WALLACE:  Let me argue a different theory of the case, Brit, in the time we have left, which would be -- there is a huge disgust with Washington and the establishment.  We see it not only on the Republican side.  We also see it on the Democratic side with Bernie Sanders.  

Hillary Clinton represents that, she'd been around for, what, a quarter of a century, and that there may be just a sense of, you know, we'll try it and if he's no good we'll fire him in four years.  

HUME:  Well, certainly, Trump's great advantage is that the Democratic nominee is weak, discredited, old in the sense of people having known her for a long time.  You know, he has terrible negatives, hers are not as bad as his, but they're pretty bad.  

So, her weakness is a tremendous asset to him and gives him at least a chance to appeal to voters who might be peeled away to go to him.  But remember this about him, Chris, this is above all this Trump mania, is a cult of personality and the people who support him -- basically what they believe in is whatever he says and if he changes his mind, they'll believe that, too.  

I just don't know how many people are willing to get on that train.  You know, people with convictions, people who are conservative and all that.  You know, when your negatives are as bad as his with as many groups as he has the bad negatives, the first thing you shouldn't do is alienate the conservatives in the Republican Party.  It is, after all, still to this day a conservative party.  

WALLACE:  All right.  We have to take a break here but we will see you all a little later, panel.  

Up next, we will sit down with North Carolina Governor Pat McCrory who is facing a federal deadline tomorrow to suspend a state law limiting bathroom access to transgender people.  Plus, what do you think, should the federal government cut off funds to North Carolina over a law it says violate civil rights?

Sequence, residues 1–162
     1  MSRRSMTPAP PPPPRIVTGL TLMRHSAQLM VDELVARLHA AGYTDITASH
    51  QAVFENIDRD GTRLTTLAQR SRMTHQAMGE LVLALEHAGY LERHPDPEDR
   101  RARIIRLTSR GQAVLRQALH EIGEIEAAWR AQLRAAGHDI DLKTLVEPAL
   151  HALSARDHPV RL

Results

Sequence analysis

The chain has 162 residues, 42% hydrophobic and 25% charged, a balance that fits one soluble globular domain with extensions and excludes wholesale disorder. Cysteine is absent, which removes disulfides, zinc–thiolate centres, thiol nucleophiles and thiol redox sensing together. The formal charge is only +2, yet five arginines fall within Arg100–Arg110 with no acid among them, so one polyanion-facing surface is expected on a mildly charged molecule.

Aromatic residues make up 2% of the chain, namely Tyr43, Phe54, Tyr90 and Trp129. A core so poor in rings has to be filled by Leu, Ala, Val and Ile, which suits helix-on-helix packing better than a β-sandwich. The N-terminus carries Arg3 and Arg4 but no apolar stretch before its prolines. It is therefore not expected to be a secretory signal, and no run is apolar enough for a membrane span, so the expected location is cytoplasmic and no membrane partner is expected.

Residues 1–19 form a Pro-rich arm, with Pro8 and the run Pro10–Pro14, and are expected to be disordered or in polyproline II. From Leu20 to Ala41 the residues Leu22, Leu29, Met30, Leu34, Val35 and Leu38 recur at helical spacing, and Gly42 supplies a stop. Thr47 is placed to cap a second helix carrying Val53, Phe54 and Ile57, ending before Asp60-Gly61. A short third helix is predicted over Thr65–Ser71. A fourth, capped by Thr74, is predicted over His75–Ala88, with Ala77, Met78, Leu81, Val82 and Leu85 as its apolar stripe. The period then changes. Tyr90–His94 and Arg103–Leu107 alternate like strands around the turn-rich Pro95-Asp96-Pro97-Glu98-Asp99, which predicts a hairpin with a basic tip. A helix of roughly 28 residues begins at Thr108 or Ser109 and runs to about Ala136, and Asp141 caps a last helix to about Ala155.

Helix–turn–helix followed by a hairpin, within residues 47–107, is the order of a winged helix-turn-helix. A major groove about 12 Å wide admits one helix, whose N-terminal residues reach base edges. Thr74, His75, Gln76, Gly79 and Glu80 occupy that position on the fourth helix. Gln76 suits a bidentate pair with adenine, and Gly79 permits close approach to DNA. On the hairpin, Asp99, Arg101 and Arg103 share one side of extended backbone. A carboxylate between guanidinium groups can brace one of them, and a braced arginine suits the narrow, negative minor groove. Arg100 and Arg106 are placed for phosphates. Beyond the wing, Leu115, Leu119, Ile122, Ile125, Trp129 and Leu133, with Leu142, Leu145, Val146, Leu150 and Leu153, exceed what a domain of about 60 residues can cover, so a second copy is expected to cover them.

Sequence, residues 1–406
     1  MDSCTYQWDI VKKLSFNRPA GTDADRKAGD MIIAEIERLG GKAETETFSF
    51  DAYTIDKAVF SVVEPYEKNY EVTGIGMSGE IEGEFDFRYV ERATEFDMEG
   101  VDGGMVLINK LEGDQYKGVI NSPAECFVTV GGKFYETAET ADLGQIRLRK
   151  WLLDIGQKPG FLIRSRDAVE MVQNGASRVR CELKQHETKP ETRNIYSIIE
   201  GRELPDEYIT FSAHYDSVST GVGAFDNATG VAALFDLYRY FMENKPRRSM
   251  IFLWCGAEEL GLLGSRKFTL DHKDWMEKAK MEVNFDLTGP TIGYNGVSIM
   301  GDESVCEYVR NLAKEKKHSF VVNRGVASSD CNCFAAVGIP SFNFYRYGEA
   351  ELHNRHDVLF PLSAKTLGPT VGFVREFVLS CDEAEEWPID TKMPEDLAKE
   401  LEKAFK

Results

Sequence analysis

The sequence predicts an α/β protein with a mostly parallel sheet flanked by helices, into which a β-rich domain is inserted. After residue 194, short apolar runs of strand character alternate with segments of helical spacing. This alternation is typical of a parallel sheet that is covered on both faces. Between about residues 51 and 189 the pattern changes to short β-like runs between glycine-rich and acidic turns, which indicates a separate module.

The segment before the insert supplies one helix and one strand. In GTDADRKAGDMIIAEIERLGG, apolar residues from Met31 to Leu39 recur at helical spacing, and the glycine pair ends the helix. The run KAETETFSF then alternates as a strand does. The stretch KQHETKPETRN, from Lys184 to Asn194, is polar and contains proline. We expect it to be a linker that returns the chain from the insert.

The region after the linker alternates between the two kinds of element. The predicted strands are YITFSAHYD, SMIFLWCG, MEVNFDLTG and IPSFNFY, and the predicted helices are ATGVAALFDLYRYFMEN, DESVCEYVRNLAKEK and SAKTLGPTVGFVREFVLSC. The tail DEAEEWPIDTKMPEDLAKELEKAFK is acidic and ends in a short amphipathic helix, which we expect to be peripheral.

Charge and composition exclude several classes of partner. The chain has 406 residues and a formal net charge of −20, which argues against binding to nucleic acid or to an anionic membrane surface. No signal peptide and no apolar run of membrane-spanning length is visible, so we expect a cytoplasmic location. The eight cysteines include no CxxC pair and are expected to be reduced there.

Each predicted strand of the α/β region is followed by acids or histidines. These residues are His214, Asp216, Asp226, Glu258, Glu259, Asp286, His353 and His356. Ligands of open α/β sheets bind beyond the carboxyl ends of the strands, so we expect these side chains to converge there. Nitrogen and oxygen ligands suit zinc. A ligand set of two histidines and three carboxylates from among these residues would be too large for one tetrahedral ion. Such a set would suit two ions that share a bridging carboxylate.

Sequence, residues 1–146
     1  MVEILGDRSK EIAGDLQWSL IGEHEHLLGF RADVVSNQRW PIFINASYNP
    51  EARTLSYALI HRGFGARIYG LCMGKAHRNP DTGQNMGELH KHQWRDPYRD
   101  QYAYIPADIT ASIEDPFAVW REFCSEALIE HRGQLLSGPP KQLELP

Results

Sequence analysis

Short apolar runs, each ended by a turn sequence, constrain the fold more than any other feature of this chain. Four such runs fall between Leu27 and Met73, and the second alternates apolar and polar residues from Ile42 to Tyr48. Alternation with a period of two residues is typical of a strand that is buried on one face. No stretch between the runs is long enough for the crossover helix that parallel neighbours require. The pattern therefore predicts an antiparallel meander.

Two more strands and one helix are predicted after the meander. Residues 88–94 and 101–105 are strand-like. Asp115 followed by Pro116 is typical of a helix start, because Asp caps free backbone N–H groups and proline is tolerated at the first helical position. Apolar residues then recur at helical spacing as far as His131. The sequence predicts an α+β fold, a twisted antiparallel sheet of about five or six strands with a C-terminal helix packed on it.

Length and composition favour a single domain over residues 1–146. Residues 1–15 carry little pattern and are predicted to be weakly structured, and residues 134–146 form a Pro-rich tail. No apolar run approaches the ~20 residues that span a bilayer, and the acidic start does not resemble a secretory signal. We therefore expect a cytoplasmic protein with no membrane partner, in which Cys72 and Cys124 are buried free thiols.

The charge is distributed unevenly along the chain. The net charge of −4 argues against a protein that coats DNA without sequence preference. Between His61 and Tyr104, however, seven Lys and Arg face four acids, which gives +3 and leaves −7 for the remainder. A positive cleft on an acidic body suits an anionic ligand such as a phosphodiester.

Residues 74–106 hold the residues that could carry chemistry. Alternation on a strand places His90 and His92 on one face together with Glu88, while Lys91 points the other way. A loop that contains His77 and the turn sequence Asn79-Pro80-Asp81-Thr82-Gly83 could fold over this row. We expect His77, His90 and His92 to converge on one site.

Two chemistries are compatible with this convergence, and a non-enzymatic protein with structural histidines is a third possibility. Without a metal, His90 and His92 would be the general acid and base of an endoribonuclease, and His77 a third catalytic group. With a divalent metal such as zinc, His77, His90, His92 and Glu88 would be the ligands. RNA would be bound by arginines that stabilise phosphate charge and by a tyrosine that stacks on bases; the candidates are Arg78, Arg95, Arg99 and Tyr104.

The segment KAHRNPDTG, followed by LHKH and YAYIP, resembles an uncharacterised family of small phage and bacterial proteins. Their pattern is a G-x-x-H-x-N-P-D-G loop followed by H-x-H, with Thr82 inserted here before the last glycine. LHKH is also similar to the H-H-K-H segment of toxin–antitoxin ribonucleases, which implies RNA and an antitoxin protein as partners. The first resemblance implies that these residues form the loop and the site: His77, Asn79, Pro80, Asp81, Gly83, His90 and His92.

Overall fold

Let me know on Facebook or Twitter @FoxNewsSunday and use the hashtag #fns.  


WALLACE:  Coming up, another American has been lost in the war on terror.  


ASHTON CARTER, U.S. SECRETARY OF DEFENSE:  These risks will continue.  And we greatly regret his loss.  


WALLACE:  We'll ask our Sunday panel about our deepening role fighting ISIS, coming up on "Fox News Sunday."


CHRIS WALLACE, FOX ANCHOR: The state of North Carolina faces a deadline tomorrow to stop enforcement of its new law that people must use bathrooms of the gender on their birth certificates. The Justice Department says that law violates the federal Civil Rights Act and is threatening to cut off billions of dollars in federal funds if the state refuses to comply.

Joining me now is North Carolina Governor Pat McCrory.

And, governor, welcome to FOX NEWS SUNDAY.

GOV. PAT MCCRORY (R-NC): Thanks for having me, Chris. I appreciate it.

WALLACE:  All right, well, let's start with this deadline that you face tomorrow to suspend implementation of the so-called bathroom law or to face the potential loss of billions of dollars in state funding. Governor, what are you going to do?

MCCRORY: Well, first of all, the bathroom laws (INAUDIBLE) only applies to government buildings or schools and our universities and highway rest stops. It doesn't apply to anyone in the private sector. In fact, our ruling says that the government shouldn't make bathroom laws for anyone in the private sector.

WALLACE:  Understood.

MCCRORY: That's up to the private sector.

What I've asked for, I asked for Friday, was an extension. They gave the ninth largest state in the United States, the civil rights division of the Justice Department, three working days to respond to a pretty complex letter and to a pretty big threat. Well, we don't think three working days is enough to respond to such a threat from a -

WALLACE:  Did they respond to your request for an extension?

MCCRORY: Yes, they said, no, unless we will give you a one week extension if the governor admits publicly that the ruling that their language regarding bathrooms does, in fact, discriminate. Well, I'm not going to publicly announce that something discriminates which is agreeing with their letter because we're really talking about a letter in which they're trying to define gender identity. And there is no clear identification or definition of gender identity. It's -

WALLACE:  Well, all right, but let me - let -

MCCRORY: It's the federal government being a - a bully. It's making law. It's - and by their interpretation. And -

WALLACE:  So you asked for an extension of a week.


WALLACE:  They said no.


WALLACE:  I've got a copy of the letter, too, and they say you've got to make a decision on whether or not you're going to step away from House Bill 2, this law.

MCCRORY: Right. Right.

WALLACE:  By the close of business tomorrow. So what are you going to do?